# Quiz time

Everybody loves a quiz – so here’s one on integer maths in C. I got 10/20 fully correct (i.e. ignoring the ‘partial credits’) – which isn’t too brilliant.

NB: WordPress won’t let me tag this as ‘C’, hence ‘C++’

# How much control can Microsoft exert in the development ecosystem?

It’s a long time – over a decade – since I last used a Microsoft development tool. For what it’s worth, I quite liked Visual C++ back then, but in the middle of my subscription (in 1998 if I remember correctly) Microsoft just tore up the contract and offered me something of less use. The details escape me now but it was a formative moment – I was not willing to trust them any more and suddenly the idea of using Linux had new appeal.

(At the same time I was teaching myself how to use Unix on the Sun OS system that hosted the Labour Party’s Excalibur EFS document system: after the 1997 general election there was nobody left in the team but me and so I went out and bought the venerable Essential System Administration: Tools and Techniques for Linux and Unix Administration: Help for UNIX System Administrators – which helped but it was still hard going to escape from the Windows monoculture. The Party’s IT staff essentially said “Unix? Does anyone still use that?” – this was truly the apogee of Microsoft’s monopolistic drive.)

Today the world seems very different. But if Microsoft have taken a few knocks and people are almost as likely to think of Apple and even Google as the enemies of software diversity and freedom, we should not underestimate its raw power in the market. Most desktops in most workplaces are still Windows boxes and writing for the mass market means targeting Microsoft’s operating system.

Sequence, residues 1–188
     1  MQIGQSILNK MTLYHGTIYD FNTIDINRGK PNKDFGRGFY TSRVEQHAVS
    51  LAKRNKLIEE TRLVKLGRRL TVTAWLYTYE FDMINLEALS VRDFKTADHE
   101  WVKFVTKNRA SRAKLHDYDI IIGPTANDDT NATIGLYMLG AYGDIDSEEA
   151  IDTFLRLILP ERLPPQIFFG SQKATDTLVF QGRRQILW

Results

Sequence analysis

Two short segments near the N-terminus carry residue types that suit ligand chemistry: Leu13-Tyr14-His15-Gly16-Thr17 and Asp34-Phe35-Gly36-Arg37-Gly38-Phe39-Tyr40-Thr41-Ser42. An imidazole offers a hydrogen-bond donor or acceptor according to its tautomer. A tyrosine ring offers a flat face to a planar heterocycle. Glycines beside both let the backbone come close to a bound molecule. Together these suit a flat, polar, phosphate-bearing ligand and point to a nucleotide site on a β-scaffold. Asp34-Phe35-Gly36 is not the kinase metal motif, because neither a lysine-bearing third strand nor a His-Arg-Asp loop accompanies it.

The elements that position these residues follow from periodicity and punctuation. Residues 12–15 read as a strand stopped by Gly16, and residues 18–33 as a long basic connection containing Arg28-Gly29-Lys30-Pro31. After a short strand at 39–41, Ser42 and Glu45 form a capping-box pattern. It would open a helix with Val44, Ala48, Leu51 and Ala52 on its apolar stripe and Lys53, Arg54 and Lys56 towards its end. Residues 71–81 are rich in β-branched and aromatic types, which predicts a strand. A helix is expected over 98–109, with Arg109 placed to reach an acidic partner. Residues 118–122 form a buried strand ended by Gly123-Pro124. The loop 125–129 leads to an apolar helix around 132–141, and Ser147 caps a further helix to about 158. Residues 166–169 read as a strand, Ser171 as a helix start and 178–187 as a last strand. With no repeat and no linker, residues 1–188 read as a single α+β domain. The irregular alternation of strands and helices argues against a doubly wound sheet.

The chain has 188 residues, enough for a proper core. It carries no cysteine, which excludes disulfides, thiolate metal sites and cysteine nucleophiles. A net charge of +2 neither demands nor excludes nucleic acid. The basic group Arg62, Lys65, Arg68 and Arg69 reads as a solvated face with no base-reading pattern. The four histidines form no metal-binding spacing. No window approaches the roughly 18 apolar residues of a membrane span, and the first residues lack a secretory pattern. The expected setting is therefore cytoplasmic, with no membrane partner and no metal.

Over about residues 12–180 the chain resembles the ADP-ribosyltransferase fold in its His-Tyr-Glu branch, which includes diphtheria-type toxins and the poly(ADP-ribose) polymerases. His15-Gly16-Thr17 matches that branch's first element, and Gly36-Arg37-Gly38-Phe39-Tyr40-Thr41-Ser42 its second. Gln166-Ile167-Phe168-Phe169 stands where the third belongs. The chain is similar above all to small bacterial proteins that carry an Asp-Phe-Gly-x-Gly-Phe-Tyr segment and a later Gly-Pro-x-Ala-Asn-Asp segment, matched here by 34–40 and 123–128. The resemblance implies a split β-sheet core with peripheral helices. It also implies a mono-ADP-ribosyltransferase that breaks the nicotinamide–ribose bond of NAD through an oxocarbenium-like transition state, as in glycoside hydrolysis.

Not surprisingly many, probably most, of the people who are doing that are using Microsoft’s tools and compilers. That gives the boys and girls in Redmond a lot of power and they don’t have to be acting in a malicious way to have an detrimental impact – as in their refusal to support the C99 language standard. The only mantra that C is a proper subset of C++ (which Microsoft fully support) has been dead for a few years now and there are features in C99, which is the standard in general use in the Unix/Linux development world not supported in C++11 (the current standard there which Microsoft are working to support). Microsoft do support the twenty year old C90 standard but have essentially said that they are not going to develop that any further – you can read more about this here.

In response to this some C++ developers have done so far as to say “C is obsolete” – perhaps reflecting a new confidence in the C++ development world, as that language has been making something of a comeback in the last couple of years (not least because Microsoft have promoted it so heavily).

That may or may not be the case – personally I doubt it very much. But since when did we allow tool manufacturers to make that decision for us?

As I did in 1998 maybe it is time for the developers to look at the alternatives. There are plenty of industrial strength compilers and editors out there that will free them from the caprice of a company which is once more demonstrating it just doesn’t get it.

# A question for a C guru

Image via Wikipedia

The debugging continues, but unfortunately I have not yet been able to identify what is fundamentally broken with my file system code.

But along the way I have spotted and fixed various bugs. Here is one, I am not even sure why it compiled in the first place, so maybe a C guru could tell me…

Was:

if le16_to_cpu(((u16 *) bh->b_data)[j * VMU_DIR_RECORD_LEN16 + VMUFAT_FIRSTBLOCK_OFFSET16] == ino)

Now:

if (le16_to_cpu(((u16 *) bh->b_data)[j * VMU_DIR_RECORD_LEN16 + VMUFAT_FIRSTBLOCK_OFFSET16]) == ino)